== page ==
Doing The Right Thing 20 Years Later? : The Picture ShowToday marks the 20th anniversary of Spike Lee's seminal 1989 film Do The Right Thing. Tell Me More has teamed up with theRoot.com to take a look back at the film and discuss its relevance and legacy today. >
Today marks the 20th anniversary of Spike Lee's seminal 1989 film Do The Right Thing. Tell Me More has teamed up with theRoot.com to take a look back at the film and discuss its relevance and legacy today. Listen here.
Spike Lee's Do The Right Thing, set in Bedford-Stuyvesant, Brooklyn, in 1989, tells the story of urban racial tensions over the course of one sweltering hot summer day.
Several key characters paint a scene of a diverse neighborhood with underlying tensions. Still, there's a sense of community, and most of the personalities unfold around their attempts to stay cool in the summer heat. The token neighborhood drunk, Da Mayor, played by Ossie Davis, repeatedly tries to win the affections of Ruby Dee's character, Mother Sister.
The Bed-Stuy neighborhood has become predominantly black, but there's still Sal's Famous Pizzeria, run by a long-standing Italian family, as well as the Korean food stand. Mookie, played by Lee, works at the pizzeria with Sal (Danny Aiello), the owner, and Sal's sons. In the background, Sal's Italian "Wall of Fame" becomes a source of contention with local black patrons.
Radio Raheem, (Bill Nunn), who makes his presence known with a monolithic boombox blaring Public Enemy's "Fight The Power," provokes the film's climax. He and Buggin' Out (Giancarlo Esposito) protest Sal's Wall of Fame, which leads Sal to smash Radio's boombox. This prompts a riot, and Radio is ultimately killed by the police. As a result, the pizzeria is burned to the ground.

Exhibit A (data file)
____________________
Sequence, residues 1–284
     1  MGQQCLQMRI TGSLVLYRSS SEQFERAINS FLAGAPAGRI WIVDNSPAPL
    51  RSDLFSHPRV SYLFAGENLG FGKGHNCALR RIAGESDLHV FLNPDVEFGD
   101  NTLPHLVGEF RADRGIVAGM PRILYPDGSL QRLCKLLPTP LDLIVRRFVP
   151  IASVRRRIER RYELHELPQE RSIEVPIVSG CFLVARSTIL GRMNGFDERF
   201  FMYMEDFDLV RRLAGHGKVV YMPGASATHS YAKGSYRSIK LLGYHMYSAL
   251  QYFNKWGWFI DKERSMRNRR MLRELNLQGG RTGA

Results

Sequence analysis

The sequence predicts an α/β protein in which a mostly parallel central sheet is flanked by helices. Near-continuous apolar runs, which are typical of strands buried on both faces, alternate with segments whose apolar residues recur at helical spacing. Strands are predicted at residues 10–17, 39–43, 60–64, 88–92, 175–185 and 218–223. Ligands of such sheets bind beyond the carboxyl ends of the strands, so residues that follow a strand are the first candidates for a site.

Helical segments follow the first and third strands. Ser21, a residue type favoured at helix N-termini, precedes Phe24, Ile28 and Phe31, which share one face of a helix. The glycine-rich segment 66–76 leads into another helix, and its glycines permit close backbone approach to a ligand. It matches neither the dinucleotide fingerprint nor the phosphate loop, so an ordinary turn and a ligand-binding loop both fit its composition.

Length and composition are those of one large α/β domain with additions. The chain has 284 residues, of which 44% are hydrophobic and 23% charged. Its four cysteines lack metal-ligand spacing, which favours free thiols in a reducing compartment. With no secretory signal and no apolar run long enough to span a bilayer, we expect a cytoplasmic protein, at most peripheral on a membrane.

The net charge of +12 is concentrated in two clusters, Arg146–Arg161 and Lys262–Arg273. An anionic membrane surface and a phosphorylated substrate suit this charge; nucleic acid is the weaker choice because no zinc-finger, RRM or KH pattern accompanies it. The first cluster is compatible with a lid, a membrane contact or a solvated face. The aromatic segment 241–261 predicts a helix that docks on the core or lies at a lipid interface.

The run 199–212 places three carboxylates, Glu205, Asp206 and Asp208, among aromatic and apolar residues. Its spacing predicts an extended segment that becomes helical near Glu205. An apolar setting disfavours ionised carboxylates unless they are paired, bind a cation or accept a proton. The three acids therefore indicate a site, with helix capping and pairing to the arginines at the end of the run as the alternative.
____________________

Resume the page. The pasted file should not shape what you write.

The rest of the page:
Samuel L. Jackson's character, Mister Senor Love Daddy, the local disc jockey, provides running commentary throughout the film. The issue of urban violence is raised but not really resolved. Do The Right Thing ends on an ambivalent note with two contradictory quotations about violence from Malcolm X and Dr. Martin Luther King Jr.
In his 1989 review, Roger Ebert wrote, "Anyone who walks into this film expecting answers is a dreamer or a fool. But anyone who leaves the movie with more intolerance than they walked in with wasn't paying attention." At left, Rosie Perez as Mookie's girlfriend, Tina.
Today, some question the relevance of the film's message. Natalie Hopkinson, associate editor of The Root, argues that some of the black-power aggression in the film today seems futile. She points to the White House as evidence of some fundamental change that has happened between 1989 and now. In contemporary urban society, she argues, Sal's Pizzeria should be able to stand.
Regardless of its ambiguous messages or potentially irrelevant legacy, Do The Right Thing was truly original stylistically, aesthetically and narratively. Lee's message may have been unclear, but it provoked dialogue, which is ultimately what mattered most.
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